Bahrain’s court has sentenced 31 protesters to 15 years in prison for attacking a police patrol in a Shiite village, media reported. The accused claim they were coerced into confessing.
The protesters were charged with attempted murder, setting a police car ablaze, protesting and possession of petrol bombs, The Daily Star Lebanon quoted one of the lawyers as saying.
The whereabouts of 14 other defendants remain unknown.
Another lawyer has confirmed that the accused have denied the charges against them and have been tortured into confessing.
Police arrested the protesters in March after they allegedly attacked a patrol car with Molotov cocktails, injuring four officers in Bahrain’s northwestern village of Sitra.
Anti-government activist Mohammed Alsafy says the sentencing
won't affect future protests.
“The protests have only grown larger in the past two years.
We’ve witnessed that the harsher the sentences are, the more anger
it brings to the people and the more reasons it gives them to
protest…for now, we don’t have any other choice but to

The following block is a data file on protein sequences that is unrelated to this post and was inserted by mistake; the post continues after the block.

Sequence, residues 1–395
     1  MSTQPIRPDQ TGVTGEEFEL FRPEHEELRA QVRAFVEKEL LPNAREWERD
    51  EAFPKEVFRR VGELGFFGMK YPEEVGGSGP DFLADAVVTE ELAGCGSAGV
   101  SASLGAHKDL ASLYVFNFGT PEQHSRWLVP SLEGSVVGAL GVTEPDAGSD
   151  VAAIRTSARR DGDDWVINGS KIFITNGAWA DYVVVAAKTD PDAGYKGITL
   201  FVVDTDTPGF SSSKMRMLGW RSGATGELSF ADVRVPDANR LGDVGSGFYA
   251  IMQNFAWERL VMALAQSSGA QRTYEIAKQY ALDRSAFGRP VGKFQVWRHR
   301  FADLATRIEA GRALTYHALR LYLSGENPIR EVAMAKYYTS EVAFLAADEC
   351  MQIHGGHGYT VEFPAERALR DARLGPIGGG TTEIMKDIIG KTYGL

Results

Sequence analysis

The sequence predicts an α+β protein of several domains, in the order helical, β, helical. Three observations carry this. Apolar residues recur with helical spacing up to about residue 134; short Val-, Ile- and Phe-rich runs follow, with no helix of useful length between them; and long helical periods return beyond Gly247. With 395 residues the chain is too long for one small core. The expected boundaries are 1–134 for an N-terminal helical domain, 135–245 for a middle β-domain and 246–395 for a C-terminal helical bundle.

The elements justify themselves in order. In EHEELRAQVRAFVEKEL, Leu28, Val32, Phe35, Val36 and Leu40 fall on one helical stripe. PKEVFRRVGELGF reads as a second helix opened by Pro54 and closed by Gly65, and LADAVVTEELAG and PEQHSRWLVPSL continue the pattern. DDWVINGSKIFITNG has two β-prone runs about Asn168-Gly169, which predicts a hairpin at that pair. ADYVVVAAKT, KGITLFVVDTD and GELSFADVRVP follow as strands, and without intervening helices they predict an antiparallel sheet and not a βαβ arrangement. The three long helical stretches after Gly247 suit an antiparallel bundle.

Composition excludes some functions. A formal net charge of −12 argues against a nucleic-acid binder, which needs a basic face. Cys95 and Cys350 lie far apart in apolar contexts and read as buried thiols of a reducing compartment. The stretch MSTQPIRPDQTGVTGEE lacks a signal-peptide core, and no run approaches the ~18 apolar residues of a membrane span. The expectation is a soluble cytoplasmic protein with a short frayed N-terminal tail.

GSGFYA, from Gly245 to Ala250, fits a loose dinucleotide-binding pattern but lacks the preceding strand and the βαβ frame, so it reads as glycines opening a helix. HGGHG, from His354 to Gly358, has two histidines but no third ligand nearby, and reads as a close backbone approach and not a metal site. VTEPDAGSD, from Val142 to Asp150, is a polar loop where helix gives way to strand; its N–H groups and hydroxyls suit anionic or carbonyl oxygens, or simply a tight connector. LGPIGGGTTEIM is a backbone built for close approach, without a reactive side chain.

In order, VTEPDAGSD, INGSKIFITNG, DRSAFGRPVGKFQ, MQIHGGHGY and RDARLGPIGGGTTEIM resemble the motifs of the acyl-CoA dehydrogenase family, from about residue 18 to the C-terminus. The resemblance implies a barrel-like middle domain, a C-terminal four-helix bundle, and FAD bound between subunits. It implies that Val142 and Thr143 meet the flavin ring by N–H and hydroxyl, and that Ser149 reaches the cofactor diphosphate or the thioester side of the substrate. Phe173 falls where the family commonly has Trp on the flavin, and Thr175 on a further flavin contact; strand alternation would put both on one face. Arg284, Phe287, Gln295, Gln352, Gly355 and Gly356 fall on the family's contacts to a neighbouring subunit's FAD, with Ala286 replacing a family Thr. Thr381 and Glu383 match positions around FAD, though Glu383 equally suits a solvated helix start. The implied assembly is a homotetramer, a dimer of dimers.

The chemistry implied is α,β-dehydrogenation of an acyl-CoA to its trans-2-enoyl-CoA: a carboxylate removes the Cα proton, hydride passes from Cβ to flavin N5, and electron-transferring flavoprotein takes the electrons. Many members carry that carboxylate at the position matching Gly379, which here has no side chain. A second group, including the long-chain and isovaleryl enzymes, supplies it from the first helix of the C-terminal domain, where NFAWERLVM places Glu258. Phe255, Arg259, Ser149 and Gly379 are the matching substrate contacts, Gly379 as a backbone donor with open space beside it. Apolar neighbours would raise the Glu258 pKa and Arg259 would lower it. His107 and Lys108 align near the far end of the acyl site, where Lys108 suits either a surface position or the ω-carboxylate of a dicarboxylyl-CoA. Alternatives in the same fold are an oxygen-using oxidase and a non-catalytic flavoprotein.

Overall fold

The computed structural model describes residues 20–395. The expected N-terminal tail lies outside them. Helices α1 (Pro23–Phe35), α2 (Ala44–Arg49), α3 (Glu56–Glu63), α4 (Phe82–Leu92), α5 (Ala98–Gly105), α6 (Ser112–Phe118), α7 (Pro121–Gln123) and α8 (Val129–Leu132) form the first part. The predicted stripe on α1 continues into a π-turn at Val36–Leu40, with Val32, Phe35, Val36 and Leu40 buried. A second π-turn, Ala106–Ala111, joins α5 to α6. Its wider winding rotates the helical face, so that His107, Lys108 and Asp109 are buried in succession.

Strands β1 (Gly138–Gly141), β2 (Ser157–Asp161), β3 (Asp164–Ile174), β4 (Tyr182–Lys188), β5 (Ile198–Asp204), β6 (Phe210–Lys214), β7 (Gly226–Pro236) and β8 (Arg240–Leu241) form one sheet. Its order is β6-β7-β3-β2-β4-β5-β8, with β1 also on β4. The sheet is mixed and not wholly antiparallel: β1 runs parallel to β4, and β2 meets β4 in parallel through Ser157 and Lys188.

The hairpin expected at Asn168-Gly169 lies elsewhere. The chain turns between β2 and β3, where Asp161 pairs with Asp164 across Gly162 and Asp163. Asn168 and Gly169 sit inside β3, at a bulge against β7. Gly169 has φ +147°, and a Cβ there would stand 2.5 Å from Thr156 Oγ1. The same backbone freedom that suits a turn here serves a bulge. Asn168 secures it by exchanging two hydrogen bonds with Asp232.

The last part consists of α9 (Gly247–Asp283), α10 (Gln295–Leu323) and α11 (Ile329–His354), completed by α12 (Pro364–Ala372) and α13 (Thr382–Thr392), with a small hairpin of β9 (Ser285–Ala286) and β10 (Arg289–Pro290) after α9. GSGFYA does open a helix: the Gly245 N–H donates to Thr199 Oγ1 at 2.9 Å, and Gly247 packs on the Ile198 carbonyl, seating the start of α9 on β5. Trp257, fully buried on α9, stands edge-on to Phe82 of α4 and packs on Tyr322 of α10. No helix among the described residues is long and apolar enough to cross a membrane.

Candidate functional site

protest,” he told RT.
Demonstrations – calling for democracy and an end to the monarchy – have been continuing in Bahrain for two years. Protests particularly intensified as the Gulf country was preparing to host a Formula 1 race on April 21. The protesters claimed the F1 event – which they labeled ‘race for blood’ – overshadowed the ruling Bahraini Sunni royal family’s many human rights abuses and repression of the country’s Shiite population.
One of the best-known cases of the Bahraini regime cracking down on opposition was the arrest of prominent activist Nabeel Rajab, who openly criticized the regime, following an interview on RT for Julian Assange’s show The World Tomorrow. In August 2012 Rajab was sentenced to three years in jail for ‘participation in an illegal assembly’ and ‘calling for a march without prior notification’.
Earlier in the week, the kingdom – which is home of the US Navy’s Fifth Fleet - canceled next month’s planned visit by the United Nations' torture expert, citing delays in ‘ongoing national dialogue’.
Human rights groups have reported that at least 80 people have been killed and thousands arrested since the demonstrations began in 2011.